For a huge chunk of my life I addicted to a drug that occupied most of my thoughts and energy. That drug? Dieting.
Dieting is a normalized drug in our culture.
There was a time when I loved nothing more than the excitement of making meal plans, tracking calories, stepping on the scale, telling all my friends about the dangers of gluten and getting validation for having “control.”
There was a sense of euphoria associated with the prospect of having the body I wanted and imaginary perfect life that would go along with it. There was a sense of power that I got from being on the moral high-ground of my dietary choices. It was a high.
Weight loss is the urge and dieting is the drug. We chase after the high by adjusting our macros, tracking our food and tweaking our exercise or supplement regimes to alter our body size. We get a rush from seeing our pant size go down. We support and cheer on others who are doing the same. It’s addictive.
Of course, these feelings and behaviours are fleeting so we chase them by “starting over” and “tweaking” what we’re doing to reignite the excitement. We fall off the wagon and get back on, over and over again.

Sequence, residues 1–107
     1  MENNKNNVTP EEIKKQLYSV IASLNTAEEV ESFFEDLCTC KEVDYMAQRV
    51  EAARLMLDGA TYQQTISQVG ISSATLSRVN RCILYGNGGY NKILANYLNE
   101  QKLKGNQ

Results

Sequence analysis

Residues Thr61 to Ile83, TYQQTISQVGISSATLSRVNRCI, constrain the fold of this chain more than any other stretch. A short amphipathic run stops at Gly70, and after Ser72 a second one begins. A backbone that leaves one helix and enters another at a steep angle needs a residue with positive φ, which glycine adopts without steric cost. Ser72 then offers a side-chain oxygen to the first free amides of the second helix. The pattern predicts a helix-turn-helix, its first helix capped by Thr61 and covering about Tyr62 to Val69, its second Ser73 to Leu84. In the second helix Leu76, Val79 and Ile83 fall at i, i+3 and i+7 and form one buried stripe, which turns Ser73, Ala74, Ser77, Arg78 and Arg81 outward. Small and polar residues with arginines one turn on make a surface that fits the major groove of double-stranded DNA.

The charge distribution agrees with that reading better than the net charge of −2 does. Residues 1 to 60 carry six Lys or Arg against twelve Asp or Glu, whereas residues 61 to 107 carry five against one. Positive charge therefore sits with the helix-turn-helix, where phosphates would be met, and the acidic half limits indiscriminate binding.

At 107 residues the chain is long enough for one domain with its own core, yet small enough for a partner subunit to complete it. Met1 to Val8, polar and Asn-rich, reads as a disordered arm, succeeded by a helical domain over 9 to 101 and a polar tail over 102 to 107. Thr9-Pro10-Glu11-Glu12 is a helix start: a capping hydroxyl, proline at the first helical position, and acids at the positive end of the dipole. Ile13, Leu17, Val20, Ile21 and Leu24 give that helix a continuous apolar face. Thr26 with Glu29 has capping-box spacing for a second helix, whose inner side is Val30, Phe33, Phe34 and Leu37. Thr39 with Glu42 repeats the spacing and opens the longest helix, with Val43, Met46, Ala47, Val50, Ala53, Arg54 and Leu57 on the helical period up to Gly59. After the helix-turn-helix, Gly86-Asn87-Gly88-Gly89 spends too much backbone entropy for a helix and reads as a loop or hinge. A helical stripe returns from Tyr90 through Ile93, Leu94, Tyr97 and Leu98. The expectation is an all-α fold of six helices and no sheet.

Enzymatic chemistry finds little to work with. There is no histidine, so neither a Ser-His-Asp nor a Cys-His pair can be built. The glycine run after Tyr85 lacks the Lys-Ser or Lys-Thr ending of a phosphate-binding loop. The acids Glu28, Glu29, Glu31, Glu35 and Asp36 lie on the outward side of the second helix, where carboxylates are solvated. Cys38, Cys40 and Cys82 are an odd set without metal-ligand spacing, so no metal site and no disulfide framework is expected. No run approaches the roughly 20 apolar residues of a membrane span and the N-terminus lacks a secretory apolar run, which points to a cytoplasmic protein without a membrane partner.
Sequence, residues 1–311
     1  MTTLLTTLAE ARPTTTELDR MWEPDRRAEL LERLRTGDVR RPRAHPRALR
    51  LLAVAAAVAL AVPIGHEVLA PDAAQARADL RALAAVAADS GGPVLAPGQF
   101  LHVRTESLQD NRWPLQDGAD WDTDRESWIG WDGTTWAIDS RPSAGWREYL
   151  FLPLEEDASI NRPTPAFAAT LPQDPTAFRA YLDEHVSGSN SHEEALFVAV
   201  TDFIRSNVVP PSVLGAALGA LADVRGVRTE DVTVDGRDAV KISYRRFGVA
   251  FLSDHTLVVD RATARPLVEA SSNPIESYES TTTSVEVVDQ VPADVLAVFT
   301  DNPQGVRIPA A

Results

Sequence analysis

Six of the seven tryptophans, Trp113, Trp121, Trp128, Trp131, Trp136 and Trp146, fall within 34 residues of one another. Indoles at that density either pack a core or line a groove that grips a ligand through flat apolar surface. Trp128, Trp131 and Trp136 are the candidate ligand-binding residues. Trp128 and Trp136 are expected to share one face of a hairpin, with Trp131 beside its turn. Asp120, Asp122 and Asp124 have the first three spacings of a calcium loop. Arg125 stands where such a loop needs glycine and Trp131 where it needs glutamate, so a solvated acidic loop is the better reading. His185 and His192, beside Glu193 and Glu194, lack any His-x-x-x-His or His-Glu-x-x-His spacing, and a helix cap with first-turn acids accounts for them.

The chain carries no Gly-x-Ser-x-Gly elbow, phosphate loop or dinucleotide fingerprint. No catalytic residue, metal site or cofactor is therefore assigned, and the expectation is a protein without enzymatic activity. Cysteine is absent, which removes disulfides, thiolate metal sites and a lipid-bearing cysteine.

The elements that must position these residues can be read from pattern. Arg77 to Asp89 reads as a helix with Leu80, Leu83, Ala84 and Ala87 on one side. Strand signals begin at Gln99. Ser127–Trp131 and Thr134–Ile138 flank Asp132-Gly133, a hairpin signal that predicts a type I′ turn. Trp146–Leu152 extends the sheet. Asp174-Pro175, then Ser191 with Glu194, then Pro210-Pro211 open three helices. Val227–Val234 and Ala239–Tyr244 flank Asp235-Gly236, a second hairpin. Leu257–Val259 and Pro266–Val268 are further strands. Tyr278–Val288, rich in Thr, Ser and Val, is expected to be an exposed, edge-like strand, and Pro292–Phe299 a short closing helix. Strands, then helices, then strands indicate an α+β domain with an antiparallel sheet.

Dieting distracts us from the discomfort we feel in the present. It’s a way for us to feel safe and protected. As long as you’re dieting, you’re conforming.
It gives us purpose and fills a void. Who are you without dieting and an ever-present desire to lose weight?
Even though negative thoughts dominate our mind, there is always the drooling anticipation of our “perfect” body and “perfect” life on the radar that keeps us hooked. It gives us a false sense of fulfillment from the monotony of our everyday life. We think, “just this one last diet” and then I’ll be done with it! Just like that last drink or last hit.
Physiologically, there is a valid explanation for this. This “wanting” of the being thinner and the privilege that goes along with it lights up the same place in our brain that is responsible for our other cravings and desires. And we get hooked on it.
Psychologically, dieting is a way to “fit in”, make yourself more likeable and avoid social rejection. We’ve learned that weight loss is a way to control our destiny. Rejecting this and leaping into the unknown is not easy.
I’m not going to lie, it’s a hard drug to quit. You have to hit a point where you are DONE. WITH. IT.
Where you are so sick of your body dictating your emotions. Where you’re ready to believe that your purpose in this life is so much bigger than being thin. Where the thought of another stretch of “clean eating” makes you want to suffocate yourself with your tupperware. And the fear of staying stuck where you are is greater than the fear of letting go.
Are you done with it?
Trust me when I say, it’s worth it.